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End of the WTO?

The Appellate Body, the highest court in the World Trade Organization (WTO), has lost its ability to make judgment. The Body normally consists of a panel of seven judges but in recent years has dwindled to three. Now, as of December 10th, two of the last three judges’ terms have expired; leaving only one judge on the court. Court rules state that it must have a minimum of three judges in order to judge cases. This leaves many feeling a sense of chaos and feel like global trade is now, as former WTO appellate judge, Peter Van den Bossche put it, “the law of the jungle.” So, why did this happen and what does this really mean for global trade?


Why Did This Happen?


The Appellate body, formed along with the WTO in 1995, has been losing members since the George W. Bush Administration and has carried on through both Obama and Trump administrations. Each president has felt the WTO mistreats the United States in how in they conduct business and has refused to nominate nor approve nominations of new judges in protest.

These administrations felt (and feel) that the WTO does not do their part in enforcing trade guidelines for the global trade community, but rather uses the Appellate Body to censure and limit the U.S. Stephen Vaughn, former Chief Counsel to U.S. Trade Representative, Robert Lighthizer, said, “The U.S. was told the [Dispute Settlement Body] would make others live up to their bargain. But if it is there to constrain the U.S. then it is not in our interest.” The Body also fails to counter unfair trade methods by countries like China and others.

The U.S. is not alone in their criticism of the WTO. Many other countries have complained the Appellate Body takes too long to resolve conflicts (the mandated time frame is 90 days, but average resolution has been more than 390), the panel overreaches their mandate with their rulings, and that the panel itself is ill-equipped to deal with China’s mixed economy. The problems have worsened as fewer judges ruled on the court.

One of the main problems the WTO has faced is that they cannot reach consensus among its 164 members to reform the flawed Appellate Body. Another issue is that as the U.S. feels it is being mistreated, it threatens to leave the body altogether. The Trump administration has been adamant about leaving the organization feeling that it does more harm than good to U.S. trade interests. With the dissolution of the Appellate Body, the WTO loses much of its effectiveness and further drives the U.S. away.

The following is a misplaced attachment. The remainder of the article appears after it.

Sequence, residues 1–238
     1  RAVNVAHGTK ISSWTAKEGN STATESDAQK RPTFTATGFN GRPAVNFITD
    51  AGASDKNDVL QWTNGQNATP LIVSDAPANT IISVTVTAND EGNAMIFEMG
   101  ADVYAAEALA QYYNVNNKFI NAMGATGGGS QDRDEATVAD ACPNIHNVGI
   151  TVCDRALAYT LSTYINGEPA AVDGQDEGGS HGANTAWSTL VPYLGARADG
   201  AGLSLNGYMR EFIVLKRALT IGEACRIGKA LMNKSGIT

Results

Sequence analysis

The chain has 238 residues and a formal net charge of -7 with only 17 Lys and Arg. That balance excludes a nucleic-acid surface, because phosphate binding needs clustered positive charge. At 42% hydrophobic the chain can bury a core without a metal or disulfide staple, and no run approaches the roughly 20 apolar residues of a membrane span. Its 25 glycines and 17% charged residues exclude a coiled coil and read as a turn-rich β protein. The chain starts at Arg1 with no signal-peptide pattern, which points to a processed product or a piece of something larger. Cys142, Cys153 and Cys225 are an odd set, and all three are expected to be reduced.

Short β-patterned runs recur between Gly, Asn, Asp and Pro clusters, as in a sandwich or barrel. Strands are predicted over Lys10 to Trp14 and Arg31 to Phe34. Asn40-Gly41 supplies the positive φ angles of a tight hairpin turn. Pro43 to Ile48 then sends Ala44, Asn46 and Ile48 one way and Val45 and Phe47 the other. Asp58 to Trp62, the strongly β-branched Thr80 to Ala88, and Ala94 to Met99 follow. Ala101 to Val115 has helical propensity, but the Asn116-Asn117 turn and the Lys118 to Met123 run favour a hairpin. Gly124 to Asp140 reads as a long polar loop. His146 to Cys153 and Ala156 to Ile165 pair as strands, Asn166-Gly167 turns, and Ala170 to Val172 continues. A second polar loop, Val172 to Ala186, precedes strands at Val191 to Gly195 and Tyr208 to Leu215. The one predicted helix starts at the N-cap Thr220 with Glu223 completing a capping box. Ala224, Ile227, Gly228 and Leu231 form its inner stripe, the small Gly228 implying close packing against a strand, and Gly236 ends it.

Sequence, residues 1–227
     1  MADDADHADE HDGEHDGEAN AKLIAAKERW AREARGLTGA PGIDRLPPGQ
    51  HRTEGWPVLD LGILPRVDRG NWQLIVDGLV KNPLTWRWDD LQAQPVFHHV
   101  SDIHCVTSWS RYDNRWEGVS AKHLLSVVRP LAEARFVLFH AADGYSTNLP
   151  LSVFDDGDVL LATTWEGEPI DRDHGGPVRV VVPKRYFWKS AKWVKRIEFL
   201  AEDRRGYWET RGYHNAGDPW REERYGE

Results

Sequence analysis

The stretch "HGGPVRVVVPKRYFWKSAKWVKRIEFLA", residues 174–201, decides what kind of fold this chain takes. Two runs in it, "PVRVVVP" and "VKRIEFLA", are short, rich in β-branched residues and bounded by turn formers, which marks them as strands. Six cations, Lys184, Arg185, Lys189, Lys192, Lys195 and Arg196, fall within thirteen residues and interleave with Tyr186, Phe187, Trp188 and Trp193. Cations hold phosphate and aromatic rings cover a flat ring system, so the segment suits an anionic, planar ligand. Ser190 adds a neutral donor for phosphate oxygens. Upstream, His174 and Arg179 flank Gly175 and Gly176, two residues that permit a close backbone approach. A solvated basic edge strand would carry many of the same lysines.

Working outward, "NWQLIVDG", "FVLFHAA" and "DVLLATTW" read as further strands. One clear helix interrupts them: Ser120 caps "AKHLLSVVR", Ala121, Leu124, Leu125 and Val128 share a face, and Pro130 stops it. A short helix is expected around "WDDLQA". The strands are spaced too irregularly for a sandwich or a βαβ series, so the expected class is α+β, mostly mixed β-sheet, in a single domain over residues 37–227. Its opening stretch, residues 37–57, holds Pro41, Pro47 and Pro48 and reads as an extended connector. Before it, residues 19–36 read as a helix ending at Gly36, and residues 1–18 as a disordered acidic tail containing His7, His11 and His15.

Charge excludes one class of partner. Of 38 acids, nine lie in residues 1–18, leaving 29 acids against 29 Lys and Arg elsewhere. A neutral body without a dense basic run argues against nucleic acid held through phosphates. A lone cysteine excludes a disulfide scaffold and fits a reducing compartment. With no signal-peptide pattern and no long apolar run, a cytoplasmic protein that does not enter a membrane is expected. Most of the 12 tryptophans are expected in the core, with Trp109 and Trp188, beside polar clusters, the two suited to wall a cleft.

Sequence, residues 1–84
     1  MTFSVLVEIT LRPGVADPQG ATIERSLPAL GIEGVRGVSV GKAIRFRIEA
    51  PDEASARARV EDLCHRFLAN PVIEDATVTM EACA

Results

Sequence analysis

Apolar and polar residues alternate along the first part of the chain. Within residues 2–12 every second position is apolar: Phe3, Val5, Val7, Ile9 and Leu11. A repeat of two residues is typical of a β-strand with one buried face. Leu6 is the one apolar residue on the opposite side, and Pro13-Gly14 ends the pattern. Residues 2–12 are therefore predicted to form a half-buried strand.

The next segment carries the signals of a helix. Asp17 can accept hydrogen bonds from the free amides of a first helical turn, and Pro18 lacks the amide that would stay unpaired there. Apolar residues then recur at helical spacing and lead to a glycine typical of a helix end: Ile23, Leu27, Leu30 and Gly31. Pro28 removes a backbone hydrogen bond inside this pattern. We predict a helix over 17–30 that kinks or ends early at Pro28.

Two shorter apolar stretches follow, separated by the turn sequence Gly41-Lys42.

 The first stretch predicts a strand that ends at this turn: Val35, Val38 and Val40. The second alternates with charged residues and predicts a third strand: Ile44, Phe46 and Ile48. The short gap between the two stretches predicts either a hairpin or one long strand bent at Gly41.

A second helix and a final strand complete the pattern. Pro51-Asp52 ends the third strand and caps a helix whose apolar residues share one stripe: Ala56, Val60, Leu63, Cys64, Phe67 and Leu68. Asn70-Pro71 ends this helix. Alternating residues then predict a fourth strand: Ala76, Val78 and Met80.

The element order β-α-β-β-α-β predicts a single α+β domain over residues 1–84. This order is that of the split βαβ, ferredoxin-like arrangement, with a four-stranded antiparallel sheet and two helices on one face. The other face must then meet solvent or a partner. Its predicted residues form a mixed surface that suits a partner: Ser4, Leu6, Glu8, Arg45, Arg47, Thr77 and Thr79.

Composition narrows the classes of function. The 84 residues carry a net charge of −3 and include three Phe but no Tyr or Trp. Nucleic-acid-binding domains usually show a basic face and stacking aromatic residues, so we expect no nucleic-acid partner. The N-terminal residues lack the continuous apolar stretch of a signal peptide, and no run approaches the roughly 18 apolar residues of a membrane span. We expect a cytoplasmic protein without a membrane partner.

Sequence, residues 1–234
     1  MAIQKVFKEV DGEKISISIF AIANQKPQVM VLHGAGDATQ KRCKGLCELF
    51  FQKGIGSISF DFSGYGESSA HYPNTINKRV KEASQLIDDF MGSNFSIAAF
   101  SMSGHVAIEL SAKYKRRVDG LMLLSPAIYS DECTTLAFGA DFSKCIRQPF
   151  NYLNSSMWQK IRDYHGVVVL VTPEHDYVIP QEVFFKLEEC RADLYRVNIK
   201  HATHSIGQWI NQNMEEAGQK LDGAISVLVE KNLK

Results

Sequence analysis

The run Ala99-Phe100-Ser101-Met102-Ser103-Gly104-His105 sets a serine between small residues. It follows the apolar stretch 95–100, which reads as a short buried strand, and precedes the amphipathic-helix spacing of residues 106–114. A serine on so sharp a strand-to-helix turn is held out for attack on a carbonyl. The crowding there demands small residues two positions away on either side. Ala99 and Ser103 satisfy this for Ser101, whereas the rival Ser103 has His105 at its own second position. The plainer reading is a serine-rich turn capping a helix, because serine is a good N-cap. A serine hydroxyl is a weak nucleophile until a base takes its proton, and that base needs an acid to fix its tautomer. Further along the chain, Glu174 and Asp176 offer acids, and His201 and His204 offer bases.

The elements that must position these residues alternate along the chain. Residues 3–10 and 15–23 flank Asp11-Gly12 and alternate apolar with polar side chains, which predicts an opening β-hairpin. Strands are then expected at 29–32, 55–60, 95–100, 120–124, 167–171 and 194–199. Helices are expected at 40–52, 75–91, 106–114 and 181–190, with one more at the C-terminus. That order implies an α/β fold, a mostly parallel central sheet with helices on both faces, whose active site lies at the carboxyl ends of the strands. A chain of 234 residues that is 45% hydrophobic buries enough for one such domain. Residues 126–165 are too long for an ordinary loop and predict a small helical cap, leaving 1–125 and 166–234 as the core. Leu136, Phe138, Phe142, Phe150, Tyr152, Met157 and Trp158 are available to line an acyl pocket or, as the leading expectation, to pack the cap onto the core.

This leaves many feeling like global trade is in chaos. But should it?

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Effect on Global Trade


The WTO has its supporters and detractors in the U.S. and worldwide. Some U.S. supporters like U.S. Representative Stephanie Murphy (D-FL) sees the WTO losing control as “really dangerous for American businesses.” She and others feel that without global oversight, the U.S. will return to “strong-arming” protectionist practices, tariff wars, and other trade unrest.

President Trump and U.S. Trade Representative, Robert Lighthizer, feel otherwise. For the past few years, the Trump administration has been focused on a trade policy that limits interference from outside nations and allows the U.S. to make deals as they see fit. They have encouraged other countries to do the same.

But what is the truth?

The truth lies somewhere in the middle. Objectively, the United States was founded on principles of freedom and self-reliance. Many Americans do not feel as though they should be subjected to global policies. Yet, smaller countries, both in size and economics, need a voice in order to be effective partners in the global marketplace. So, having a body available, like the WTO, is useful to give them access to fairness and recourse in unjust situations. Will the dissolution of the Appellate Body prevent those nations from that fairness or recourse? Arguably no.

The dissolution of the Appellate Body does not mean the WTO relinquishes regulatory power; there are still several lower courts that will hear disputes. It just means that there is a layer of deregulation and trade bodies will not be able to appeal those courts’ decisions. So, the situation can be seen like a win-win. The U.S. will achieve more autonomy while other nations will continue to have a voice.

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